Last Friday, I attended an art opening at the Blue Heron Gallery on Vashon Island: Portraits of Elders – People Who Inspire. While I’m a big fan of one of the featured artists, Pam Ingalls, I’m equally devoted to three of the women she captured in portraiture. Nina, Phoebe and Karen have rock star status on the island, though they would likely be chagrined if not incredulous at such a claim. As it should be, anyone who knows one or any of these three muses is rightfully inspired by their lives, and by the magic, wit and vibrancy they bring to each moment.
How do I know these fine women? Lucky me, I happen to live across the street from Phoebe, and since they are all friends, I’ve managed to insinuate myself into their Friday tea time and on-the-kitchen-table art classes. Truth be told, I yammer, sip and munch, while they share insights, laughter and brush strokes. In my defense, I am a willing mascot and booster for this team and have finally learned restraint when dolloping up Phoebe’s jam and marmalade.
The art show left me pondering (good use of one’s hammock). If I may leave you with one thought, may it be this. We spend our lives shuffling about, making lists, running errands, pursuing careers and dreams, and we tend to forget (if I may speak broadly) that the silver-haired souls among us have been there, done that. The elder we may overlook or be oblivious to has a story, no doubt a rich tale of decades of living, loving, learning and celebrating. There’s a life behind those wrinkles. Who knows, maybe you’re in the presence of a fine potter, gifted storyteller or spirited singer. Perhaps this kind soul grew up in Africa next door to Karen Blixen, or raised her firstborn in a small cabin in Norway, or gained passage for her family on a tramp steamer to Italy. Could this gentle soul have bravely served her nation in World War II or danced in the streets of Florence and embraced music at every turn? These are neither random nor conjured speculations, but rather truths — the authentic bits and pieces of the full lives of the women found in these portraits and on this page. Sparkling eyes (no matter what the age or medium) never lie.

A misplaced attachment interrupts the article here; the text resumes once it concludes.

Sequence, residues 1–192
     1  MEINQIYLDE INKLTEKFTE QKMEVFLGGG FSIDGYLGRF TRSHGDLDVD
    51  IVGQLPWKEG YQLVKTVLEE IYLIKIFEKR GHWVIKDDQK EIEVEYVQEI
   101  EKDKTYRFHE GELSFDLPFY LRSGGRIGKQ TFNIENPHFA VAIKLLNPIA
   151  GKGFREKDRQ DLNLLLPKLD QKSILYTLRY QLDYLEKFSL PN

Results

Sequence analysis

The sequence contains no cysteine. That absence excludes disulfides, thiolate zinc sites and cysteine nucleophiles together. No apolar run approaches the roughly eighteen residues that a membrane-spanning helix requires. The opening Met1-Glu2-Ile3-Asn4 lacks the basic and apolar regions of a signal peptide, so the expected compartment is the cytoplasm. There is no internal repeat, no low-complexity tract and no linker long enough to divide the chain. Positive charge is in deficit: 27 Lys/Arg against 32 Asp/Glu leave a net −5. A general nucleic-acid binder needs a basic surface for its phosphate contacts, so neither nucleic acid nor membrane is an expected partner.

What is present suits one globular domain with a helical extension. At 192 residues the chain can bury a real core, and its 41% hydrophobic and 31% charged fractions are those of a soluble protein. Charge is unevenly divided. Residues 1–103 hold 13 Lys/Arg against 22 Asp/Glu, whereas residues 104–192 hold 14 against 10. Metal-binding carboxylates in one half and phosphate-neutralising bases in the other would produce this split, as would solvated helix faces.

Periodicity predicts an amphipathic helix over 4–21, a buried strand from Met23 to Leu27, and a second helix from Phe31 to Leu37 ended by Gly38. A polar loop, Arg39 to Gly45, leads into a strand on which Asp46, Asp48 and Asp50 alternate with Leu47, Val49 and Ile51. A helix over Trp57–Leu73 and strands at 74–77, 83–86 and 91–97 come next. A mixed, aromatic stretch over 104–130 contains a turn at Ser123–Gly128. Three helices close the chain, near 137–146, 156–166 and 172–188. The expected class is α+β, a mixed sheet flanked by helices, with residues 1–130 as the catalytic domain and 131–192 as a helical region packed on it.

“Youth is a quality, not a matter of your circumstances.” –Frank Lloyd Wright.
PS – Here’s a movie recommendation, Strangers in Good Company, which I saw at the Seattle Film Festival in 1990. A beautiful film that shares the tales of real lives within the framework of a scripted movie. It may change the way you think about your elders.